CIO Horror Stories and What They Mean For Vendors
Written By: Olin Thompson
Published On: July 3 2006
Customers and vendors do not always see eye to eye. This article illustrates three cases where vendors did the opposite of selling; they pushed the companies away. With each horror story, we are certain that the vendors in question have a very different story; however, it would be wise of vendors to examine the practices that drove the business away. The role of management is to see that rules are followed, but also to understand the need for exceptions.
One chief information officer (CIO) told us his personal horror stories about how he had been treated by vendors. This CIO wanted to spend money, but the vendors apparently did not want his money. The vendors did the opposite of selling; they pushed this company and the CIO away.
Our CIO has had that title for over ten years. Today, the company has $2 billion (USD) in revenue, with operations in 22 countries. Headquarters (HQ) is located in a major metropolitan area where they have no significant information technology (IT). Their processing power is at four distributed data centers located in the US (three) and Europe (one). Before consolidation in the late nineties, they had twenty-seven smaller datacenters supporting country or regional operations.
You're a Class C Customer
When the company had twenty-seven data centers, they had twenty-seven copies of the same hardware. Our CIO was paying $1.8 million (USD) annually in hardware maintenance. When a worldwide IT meeting was held at HQ, the hardware vendor was invited to present its new announcements to the worldwide IT management group.
The hardware vendor would not attend the meeting. The sales rep told our CIO, "You're a class C customer; we do not have the time for you." The message was clear: "You do not count."
Why would a sales rep tell a customer that, even if it were true? Clearly, the pressure was on to service the class A customers better, and that meant spending less, or maybe no time with the class C customers. Is it wrong to treat different customers differently? Of course not, many companies do it. What was wrong is that the sales rep insulted our CIO and his company by telling him he was class C. The sales rep told our CIO that he did not count.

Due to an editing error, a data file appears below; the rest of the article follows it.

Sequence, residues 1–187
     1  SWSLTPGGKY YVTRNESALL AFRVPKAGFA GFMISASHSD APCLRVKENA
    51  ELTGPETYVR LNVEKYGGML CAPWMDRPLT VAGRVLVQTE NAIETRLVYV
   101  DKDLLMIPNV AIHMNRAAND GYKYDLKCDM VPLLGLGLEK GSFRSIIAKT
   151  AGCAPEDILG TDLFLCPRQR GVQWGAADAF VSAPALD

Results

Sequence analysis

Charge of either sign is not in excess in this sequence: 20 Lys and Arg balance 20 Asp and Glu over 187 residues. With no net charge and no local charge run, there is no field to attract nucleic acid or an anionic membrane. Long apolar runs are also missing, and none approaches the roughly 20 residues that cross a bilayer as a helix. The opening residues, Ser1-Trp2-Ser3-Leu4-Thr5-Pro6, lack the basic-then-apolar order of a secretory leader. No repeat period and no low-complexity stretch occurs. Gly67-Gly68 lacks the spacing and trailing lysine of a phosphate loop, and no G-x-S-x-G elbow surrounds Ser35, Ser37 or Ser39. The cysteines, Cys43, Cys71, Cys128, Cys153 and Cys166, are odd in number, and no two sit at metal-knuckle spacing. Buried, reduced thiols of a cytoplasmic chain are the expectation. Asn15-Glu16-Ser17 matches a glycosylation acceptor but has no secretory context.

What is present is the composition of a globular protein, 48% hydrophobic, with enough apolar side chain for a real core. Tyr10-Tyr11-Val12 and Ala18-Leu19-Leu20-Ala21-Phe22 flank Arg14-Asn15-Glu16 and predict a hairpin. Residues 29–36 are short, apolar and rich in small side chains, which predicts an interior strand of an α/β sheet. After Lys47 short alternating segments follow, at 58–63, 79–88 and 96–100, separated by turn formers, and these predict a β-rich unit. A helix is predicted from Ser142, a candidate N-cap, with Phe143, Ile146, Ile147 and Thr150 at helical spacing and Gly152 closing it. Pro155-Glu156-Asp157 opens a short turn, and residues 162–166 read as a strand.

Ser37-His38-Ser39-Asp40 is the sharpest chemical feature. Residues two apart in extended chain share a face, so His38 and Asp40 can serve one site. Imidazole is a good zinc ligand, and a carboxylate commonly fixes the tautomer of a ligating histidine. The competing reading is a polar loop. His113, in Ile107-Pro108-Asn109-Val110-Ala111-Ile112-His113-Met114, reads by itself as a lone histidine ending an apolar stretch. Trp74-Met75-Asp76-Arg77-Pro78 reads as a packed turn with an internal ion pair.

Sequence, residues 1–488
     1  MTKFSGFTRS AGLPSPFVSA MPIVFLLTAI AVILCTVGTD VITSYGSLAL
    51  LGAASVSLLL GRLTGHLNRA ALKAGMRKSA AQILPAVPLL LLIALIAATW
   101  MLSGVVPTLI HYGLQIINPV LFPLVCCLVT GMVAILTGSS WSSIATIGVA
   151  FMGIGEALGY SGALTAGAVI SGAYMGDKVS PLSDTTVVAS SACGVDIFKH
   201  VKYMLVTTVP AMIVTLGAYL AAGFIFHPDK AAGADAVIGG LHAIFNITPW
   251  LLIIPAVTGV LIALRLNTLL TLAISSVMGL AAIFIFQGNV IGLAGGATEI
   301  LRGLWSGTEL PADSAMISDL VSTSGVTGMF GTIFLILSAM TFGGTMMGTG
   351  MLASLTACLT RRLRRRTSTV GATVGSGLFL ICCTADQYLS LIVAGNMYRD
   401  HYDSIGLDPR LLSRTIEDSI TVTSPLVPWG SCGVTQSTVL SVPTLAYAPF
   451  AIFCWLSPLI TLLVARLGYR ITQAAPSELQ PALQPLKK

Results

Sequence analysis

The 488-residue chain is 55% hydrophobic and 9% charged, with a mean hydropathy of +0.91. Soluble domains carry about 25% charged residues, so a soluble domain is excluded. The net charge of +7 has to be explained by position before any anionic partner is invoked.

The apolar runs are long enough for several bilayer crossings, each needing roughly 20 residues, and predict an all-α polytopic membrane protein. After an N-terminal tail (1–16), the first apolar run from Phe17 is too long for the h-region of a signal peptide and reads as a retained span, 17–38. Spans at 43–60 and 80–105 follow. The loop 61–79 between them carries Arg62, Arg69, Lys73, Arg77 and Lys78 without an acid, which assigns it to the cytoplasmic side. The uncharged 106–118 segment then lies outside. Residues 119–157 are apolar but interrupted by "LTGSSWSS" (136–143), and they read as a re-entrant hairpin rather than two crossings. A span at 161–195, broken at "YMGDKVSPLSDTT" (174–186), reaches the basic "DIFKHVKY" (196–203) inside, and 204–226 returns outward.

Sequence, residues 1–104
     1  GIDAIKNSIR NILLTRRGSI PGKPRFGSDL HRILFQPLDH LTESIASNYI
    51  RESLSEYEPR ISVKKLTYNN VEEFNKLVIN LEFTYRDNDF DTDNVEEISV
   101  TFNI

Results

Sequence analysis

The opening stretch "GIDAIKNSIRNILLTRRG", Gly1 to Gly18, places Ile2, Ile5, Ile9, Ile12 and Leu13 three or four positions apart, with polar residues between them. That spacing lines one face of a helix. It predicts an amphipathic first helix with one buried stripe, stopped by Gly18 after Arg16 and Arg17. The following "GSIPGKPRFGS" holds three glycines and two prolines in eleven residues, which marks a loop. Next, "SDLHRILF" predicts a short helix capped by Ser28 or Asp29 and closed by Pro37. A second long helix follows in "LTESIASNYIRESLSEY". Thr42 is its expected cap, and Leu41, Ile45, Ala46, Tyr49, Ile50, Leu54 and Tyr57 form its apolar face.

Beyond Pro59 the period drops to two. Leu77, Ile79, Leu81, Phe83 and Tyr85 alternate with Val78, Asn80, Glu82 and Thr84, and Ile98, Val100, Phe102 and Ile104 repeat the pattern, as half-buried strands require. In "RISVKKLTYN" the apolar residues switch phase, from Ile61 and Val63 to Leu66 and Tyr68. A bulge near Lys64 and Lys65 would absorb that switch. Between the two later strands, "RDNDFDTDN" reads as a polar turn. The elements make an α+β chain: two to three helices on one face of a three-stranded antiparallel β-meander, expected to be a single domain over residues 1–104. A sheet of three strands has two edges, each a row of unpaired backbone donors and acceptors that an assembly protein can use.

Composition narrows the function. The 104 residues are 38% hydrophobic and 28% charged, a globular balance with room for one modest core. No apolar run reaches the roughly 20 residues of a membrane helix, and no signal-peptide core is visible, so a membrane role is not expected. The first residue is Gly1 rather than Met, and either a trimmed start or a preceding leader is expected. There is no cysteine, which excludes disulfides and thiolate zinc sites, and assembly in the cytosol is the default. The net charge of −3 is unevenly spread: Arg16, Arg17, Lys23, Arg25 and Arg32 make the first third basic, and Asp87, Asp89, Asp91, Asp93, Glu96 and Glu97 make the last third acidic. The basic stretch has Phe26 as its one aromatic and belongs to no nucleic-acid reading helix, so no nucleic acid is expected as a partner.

How does the sales rep expect the customer to see a vendor who tells them "You do not count"? What customer loyalty or even communication can be expected?
Now the data centers have been combined to just four. How many copies of this vendor's hardware are installed? None! The CIO says, "We decided to go with a vendor who thought we were more important."
Our Legal Team Is Here To Help You
Our CIO selected a service provider for a $2.4 million (USD) integration project. Starting with the service supplier's standard contract, our CIO had a list of sixteen issues that needed to be addressed. After eight months, the contract still had not been agreed upon. Our CIO thought that the service provider was very inflexible, concerned only with its rules and not the customer's needs.
Out of frustration, our CIO started working with another services supplier and had a contract signed eight business days later. Our CIO claims that most of his sixteen issues from the first supplier's contract were standard terms in the second supplier's contract and he got what he wanted in all but one area.
What happened with the first service provider? The service provider's lawyers took over the relationship. They were more intent on protecting the service provider than satisfying the customer's needs. Of course, any company needs to protect itself. A balance must be struck between protection and business objectives. In this case, the balance needed to be struck relative to the supplier's needs and the customer's needs. This legal department can be called the "Revenue Prevention Department."